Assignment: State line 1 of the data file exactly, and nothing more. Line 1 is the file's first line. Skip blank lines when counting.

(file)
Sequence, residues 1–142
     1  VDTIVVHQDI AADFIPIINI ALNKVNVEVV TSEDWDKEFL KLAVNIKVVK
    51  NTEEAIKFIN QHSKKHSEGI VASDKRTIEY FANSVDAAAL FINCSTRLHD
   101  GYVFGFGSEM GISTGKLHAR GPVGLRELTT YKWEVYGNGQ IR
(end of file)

Sequence, residues 1–142